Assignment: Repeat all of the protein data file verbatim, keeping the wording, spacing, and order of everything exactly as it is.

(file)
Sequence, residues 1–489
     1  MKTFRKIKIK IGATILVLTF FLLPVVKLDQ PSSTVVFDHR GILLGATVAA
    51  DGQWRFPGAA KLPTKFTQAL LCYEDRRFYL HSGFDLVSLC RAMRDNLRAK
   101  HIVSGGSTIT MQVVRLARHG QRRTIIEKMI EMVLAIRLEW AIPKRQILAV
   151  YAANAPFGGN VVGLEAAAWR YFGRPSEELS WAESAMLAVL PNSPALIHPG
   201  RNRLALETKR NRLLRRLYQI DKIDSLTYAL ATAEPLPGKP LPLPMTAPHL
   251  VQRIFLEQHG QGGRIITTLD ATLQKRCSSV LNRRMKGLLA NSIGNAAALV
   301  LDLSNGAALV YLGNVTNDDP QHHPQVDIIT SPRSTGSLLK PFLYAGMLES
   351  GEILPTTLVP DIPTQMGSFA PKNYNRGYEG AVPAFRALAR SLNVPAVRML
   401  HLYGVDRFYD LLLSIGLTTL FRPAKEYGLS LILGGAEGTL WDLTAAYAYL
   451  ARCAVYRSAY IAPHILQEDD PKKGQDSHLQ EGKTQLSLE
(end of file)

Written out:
Sequence, residues 1–489
     1  MKTFRKIKIK IGATILVLTF FLLPVVKLDQ PSSTVVFDHR GILLGATVAA
    51  DGQWRFPGAA KLPTKFTQAL LCYEDRRFYL HSGFDLVSLC RAMRDNLRAK
   101  HIVSGGSTIT MQVVRLARHG QRRTIIEKMI EMVLAIRLEW AIPKRQILAV
   151  YAANAPFGGN VVGLEAAAWR YFGRPSEELS WAESAMLAVL PNSPALIHPG
   201  RNRLALETKR NRLLRRLYQI DKIDSLTYAL ATAEPLPGKP LPLPMTAPHL
   251  VQRIFLEQHG QGGRIITTLD ATLQKRCSSV LNRRMKGLLA NSIGNAAALV
   301  LDLSNGAALV YLGNVTNDDP QHHPQVDIIT SPRSTGSLLK PFLYAGMLES
   351  GEILPTTLVP DIPTQMGSFA PKNYNRGYEG AVPAFRALAR SLNVPAVRML
   401  HLYGVDRFYD LLLSIGLTTL FRPAKEYGLS LILGGAEGTL WDLTAAYAYL
   451  ARCAVYRSAY IAPHILQEDD PKKGQDSHLQ EGKTQLSLE